Brian Sullivan

Dan Vergano
Your brain, it turns out, is deep-wired for enjoyment of unexpected rewards, finds a new study. Led by neuroscientist Kareem Zaghloul of the University of Pennsylvania, the study suggests that if you want a lesson to stick, an unexpected reward is what the brain is craving.

"The brain's sensitivity to unexpected outcomes plays a fundamental role in an organism's ability to adapt and learn new behaviors," write the study authors in the March 13 Science journal.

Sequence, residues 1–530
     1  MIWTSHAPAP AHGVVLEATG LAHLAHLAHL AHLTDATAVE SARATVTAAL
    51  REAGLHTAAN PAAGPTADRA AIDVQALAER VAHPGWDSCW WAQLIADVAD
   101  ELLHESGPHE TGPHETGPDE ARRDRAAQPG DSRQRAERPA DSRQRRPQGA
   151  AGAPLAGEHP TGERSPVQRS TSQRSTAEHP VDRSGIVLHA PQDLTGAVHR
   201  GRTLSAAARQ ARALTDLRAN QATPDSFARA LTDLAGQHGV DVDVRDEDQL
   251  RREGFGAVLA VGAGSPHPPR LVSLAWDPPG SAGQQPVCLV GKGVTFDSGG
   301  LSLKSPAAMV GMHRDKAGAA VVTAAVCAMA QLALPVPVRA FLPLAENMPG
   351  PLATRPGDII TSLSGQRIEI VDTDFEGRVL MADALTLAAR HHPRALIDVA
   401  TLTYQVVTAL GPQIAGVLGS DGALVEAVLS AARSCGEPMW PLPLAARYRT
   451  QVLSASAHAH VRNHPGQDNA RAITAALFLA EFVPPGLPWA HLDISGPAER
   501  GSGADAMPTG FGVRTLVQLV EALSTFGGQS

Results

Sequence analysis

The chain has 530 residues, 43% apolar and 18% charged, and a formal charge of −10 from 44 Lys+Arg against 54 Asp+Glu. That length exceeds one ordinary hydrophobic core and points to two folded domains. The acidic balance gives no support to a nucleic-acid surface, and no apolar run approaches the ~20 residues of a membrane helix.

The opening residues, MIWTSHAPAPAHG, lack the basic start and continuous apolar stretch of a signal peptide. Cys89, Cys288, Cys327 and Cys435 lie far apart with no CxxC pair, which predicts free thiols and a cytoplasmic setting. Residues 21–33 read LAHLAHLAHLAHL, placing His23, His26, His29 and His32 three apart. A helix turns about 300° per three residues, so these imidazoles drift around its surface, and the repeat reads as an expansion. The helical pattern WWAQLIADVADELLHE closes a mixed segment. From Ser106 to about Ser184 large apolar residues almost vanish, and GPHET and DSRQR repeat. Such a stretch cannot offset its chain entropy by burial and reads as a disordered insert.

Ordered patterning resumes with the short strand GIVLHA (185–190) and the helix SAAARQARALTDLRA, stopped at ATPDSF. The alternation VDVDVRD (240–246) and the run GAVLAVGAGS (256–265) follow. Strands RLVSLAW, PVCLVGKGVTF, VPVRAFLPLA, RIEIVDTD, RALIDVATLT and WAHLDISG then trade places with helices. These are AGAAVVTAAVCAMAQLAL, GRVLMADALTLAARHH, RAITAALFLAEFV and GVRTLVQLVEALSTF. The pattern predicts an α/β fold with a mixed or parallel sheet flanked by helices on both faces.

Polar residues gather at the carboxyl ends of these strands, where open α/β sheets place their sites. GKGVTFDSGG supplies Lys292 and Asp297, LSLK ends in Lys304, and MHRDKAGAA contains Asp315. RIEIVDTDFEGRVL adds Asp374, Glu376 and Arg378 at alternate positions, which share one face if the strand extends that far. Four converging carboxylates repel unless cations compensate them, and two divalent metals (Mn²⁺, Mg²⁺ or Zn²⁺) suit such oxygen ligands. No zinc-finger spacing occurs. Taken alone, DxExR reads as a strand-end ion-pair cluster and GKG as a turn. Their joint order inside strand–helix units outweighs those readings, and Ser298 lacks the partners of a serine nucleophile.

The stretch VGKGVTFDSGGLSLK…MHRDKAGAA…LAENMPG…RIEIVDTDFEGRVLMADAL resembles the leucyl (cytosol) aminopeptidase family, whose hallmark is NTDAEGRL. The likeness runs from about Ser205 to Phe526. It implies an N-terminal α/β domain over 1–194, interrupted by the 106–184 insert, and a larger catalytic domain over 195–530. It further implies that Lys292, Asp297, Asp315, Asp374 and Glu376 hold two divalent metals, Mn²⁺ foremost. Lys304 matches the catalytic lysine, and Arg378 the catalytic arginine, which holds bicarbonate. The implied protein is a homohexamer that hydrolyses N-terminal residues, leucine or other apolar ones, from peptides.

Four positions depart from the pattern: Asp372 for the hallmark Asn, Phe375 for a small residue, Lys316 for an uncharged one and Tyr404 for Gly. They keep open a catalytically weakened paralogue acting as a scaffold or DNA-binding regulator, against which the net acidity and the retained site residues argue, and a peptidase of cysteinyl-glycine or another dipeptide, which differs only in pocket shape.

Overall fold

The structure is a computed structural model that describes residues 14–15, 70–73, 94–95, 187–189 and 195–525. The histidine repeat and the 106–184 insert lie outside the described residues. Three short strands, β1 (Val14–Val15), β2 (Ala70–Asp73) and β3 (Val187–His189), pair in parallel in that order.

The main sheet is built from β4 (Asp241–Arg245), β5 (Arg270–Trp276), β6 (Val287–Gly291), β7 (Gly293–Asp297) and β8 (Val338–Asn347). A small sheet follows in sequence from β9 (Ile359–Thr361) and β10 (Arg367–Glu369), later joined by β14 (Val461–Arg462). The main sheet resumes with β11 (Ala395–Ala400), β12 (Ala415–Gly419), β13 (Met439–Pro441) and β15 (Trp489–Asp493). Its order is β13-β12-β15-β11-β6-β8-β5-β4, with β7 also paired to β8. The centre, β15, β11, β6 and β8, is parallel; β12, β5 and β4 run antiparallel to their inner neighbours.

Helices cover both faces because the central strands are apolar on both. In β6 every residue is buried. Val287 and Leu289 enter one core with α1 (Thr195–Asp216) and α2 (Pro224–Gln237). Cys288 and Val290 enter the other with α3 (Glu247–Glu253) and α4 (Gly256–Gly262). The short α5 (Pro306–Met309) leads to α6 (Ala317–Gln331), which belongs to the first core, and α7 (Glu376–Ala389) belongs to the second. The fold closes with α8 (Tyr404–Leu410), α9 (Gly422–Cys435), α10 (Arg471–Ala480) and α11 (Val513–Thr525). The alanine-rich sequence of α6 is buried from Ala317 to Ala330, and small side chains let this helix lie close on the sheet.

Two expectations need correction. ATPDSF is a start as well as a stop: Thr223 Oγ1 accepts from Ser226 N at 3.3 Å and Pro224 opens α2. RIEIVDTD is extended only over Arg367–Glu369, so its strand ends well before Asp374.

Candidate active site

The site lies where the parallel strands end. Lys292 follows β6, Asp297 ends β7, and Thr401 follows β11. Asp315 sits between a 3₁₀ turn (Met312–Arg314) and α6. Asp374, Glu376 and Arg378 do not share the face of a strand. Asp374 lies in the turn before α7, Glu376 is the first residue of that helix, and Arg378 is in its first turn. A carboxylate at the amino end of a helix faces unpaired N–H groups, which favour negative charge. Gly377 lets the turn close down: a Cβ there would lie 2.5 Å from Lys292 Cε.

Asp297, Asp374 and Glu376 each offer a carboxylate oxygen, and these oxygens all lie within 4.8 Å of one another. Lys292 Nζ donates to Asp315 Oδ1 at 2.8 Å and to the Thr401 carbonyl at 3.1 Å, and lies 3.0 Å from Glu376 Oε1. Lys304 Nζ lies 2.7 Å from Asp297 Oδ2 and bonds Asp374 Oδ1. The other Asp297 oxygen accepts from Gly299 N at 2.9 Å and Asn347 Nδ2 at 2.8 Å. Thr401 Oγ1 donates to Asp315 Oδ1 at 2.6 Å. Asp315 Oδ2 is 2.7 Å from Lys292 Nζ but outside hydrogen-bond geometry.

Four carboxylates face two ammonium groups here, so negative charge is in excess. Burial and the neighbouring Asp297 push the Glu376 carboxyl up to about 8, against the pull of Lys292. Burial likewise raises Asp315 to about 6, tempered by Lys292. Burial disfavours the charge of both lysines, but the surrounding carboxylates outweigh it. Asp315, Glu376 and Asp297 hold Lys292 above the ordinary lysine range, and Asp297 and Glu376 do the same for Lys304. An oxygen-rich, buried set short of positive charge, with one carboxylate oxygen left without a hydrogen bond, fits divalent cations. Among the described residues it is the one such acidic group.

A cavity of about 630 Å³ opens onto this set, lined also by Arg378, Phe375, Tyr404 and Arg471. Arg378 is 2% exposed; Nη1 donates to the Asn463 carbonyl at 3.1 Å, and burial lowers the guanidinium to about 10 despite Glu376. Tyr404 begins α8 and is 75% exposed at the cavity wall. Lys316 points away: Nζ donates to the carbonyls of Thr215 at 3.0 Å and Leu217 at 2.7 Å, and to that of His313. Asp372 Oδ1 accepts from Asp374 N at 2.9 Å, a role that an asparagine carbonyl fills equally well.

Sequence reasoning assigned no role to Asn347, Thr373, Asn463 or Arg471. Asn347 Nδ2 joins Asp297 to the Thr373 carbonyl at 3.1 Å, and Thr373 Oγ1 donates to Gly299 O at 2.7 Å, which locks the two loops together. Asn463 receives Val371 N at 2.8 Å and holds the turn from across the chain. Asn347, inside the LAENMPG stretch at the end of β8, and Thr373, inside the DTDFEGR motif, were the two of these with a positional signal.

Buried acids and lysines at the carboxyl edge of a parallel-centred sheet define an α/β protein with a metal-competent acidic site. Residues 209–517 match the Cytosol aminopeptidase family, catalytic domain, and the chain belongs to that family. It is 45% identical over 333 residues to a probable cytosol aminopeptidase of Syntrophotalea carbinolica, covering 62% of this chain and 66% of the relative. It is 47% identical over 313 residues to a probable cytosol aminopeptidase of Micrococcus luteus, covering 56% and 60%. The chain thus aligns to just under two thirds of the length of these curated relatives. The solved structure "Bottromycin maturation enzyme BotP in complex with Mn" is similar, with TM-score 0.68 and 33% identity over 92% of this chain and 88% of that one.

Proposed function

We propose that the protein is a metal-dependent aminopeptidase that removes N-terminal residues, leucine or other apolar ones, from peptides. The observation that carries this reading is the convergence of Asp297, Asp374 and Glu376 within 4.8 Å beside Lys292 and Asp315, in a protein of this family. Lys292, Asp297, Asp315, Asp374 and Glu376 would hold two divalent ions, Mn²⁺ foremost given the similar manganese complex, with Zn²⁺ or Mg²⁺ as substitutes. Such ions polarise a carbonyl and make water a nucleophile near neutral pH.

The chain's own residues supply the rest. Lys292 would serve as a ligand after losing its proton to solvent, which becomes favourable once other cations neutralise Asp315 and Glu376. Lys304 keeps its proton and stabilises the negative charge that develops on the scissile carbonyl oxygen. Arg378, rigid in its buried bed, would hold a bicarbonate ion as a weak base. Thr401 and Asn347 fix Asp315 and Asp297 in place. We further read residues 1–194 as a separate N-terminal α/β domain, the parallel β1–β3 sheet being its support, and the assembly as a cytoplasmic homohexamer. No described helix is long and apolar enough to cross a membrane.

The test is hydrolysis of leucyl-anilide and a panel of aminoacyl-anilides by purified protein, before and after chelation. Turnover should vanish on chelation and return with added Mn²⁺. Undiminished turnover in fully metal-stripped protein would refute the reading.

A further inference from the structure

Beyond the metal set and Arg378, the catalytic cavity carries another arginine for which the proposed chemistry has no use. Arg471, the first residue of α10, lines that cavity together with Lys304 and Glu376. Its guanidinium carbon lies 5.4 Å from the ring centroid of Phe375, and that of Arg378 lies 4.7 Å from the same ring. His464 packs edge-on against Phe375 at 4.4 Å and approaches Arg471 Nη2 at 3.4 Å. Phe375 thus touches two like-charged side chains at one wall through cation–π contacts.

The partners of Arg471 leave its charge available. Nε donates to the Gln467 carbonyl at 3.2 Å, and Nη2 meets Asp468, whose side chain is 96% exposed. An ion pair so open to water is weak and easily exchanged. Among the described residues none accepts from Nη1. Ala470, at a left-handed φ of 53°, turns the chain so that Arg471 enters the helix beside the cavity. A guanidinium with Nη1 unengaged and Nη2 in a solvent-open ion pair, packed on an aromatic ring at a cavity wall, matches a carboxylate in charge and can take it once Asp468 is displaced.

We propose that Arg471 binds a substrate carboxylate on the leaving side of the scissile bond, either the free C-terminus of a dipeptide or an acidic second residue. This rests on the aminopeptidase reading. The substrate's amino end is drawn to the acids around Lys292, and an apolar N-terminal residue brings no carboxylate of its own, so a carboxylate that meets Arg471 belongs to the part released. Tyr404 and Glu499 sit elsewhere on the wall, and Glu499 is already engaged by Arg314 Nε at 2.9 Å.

Monkey studies suggest these "unexpected outcomes" give a jolt to a particular part of the brain called the substantia nigra, twin darkly-colored bands of tissue that play a role in learning, addiction and voluntary motion. The dark color comes from being packed with "dopaminergic" brain cells, or neurons, sensitive to the brain chemical dopamine.

"The response of these neurons to rewards has not been directly measured in humans," write the study authors, doubtless due the difficulty in convincing volunteers (and hospital review boards) to have their brains wired open for science.

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